Amidst a blizzard of standards, the baseline is probably the US Department of Defense’s DoD 5220.22-M (3 or 7-pass), but a selection of others including the Russian GOST R 50739-95 (2-pass), Schneier (7-pass), Gutmann (an extraordinary 35 passes) will also turn up on the spec sheet along with several others. Arguments abound about where the point of overkill kicks in but we can’t recommend one over another. All of the above will do the job on a technical level and originate in governments at some point in the last 10-15 years with occasional revisions.

Note: if the device is being used in a BYOD setting it is wise to check any policies on data retention first. The user will own the device but not necessarily the data.

Best disk wiping tools - proof of erasure

Products will normally offer the option of verification, at the expense of adding time, plus a log of some kind showing what the utility has done to the drive and its data. Anyone wiping a drive of any kind in a commercial organisation should hold on to this as proof that the data on it was wiped.

Best disk wiping tools - mobile devices

Mobile devices offer a particular challenge although there seem to be plenty of apps that claim they can do the job. Certainly, device reset functions should not be relied upon. The simplest method, where supported, is simply to encrypt the internal storage before initiating a factory reset. Some also suggest filling the phone with dummy data before repeating the process. As for removable microSD cards, the best option is to take them out of the device as use a PC utility to wipe them.

Best disk wiping tools - free tools

There is a plethora of freeware data wiping tools but it’s important to consider whether they will do the job asked of them – it might in some circumstances be worth paying for a utility. The biggest problem is simply finding one that can be relied upon from a field full of strong contenders.

We’ve chosen a selection of the better-known ones here to offer some direction. There are a lot more out there.

Best disk wiping tools - DBAN (Darik’s Boot and Nuke)

The small company that established this software, Geep, was bought out by Blancco 2012 but the utility lives on for anyone wanting to erase a hard drive as an open source project for home use only. Works by writing an ISO to a CD or USB stick, then used to boot into the utility. Supports six sanitisation standards including DoD 5220.2M, Gutmann and NIST 800-88 that offer a log but no certifiable erasure proof.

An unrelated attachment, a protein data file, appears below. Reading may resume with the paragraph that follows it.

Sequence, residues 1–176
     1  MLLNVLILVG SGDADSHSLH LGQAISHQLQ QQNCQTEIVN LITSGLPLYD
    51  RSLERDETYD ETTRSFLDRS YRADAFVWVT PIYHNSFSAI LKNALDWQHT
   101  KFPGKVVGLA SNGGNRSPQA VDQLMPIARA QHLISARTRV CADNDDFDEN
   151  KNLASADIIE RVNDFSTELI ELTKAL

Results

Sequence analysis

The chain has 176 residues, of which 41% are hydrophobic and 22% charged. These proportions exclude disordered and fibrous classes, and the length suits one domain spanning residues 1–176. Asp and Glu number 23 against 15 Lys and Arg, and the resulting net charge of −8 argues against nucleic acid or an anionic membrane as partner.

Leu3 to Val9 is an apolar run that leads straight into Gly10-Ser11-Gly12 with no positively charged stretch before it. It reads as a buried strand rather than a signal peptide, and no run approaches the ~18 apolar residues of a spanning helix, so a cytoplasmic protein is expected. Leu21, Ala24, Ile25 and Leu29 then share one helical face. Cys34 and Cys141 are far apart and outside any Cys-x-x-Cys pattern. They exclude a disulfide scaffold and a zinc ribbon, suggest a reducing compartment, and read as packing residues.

Pros: Has a good reputation for sanitising ATA, SATA and SCSI hard drives, easy to use

Cons: doesn’t support SSDs, no updates or support

Next: Disk Wipe

Best disk wiping tools - Disk Wipe

Unlike DBAN, Disk Wipe is a portable utility that works within Windows and can’t therefore be used to wipe the primary hard drive. It is, however, perfect for sanitising other drives, including USB sticks, external hard drives and memory cards. Supports DoD 5220-2.M and Gutmann and can also be used by commercial organisations.

Pros: Portable, good for sanitising external drives, can be used by anyone

Cons: Won’t work with primary drives

Best disk wiping tools - Secure Erase for SSDs

SSDs have a reputation for being difficult to erase thanks to the different way they operate at a low level compared to hard drives. One cited solution is to use something called Secure Erase (HDDErase) from the Center for Memory and Recording Research, executed the Secure Erase function built into Serial ATA (SATA) and Parallel ATA (PATA) hard drives. It’s a simple DOSlike utility that runs as a boot utility from media or a USB stick, basic but said to work.

Pro: Copes with SSDs

Con: Not exactly new – the utility is from 2008

Best disk wiping tools - Blancco 4

This will also wipe SSDs as well as hard drives and has a good reputation. Given the dearth of tools that can cope with this type of storage we’d strongly advise at least considering the single-PC license fee of around £18 ($25) for the capability it offers. The company also offers a wide range of enterprise products. Blancco 4 can be tried free of charge on evaluation.

Pro: a complete solution

Con: not freeware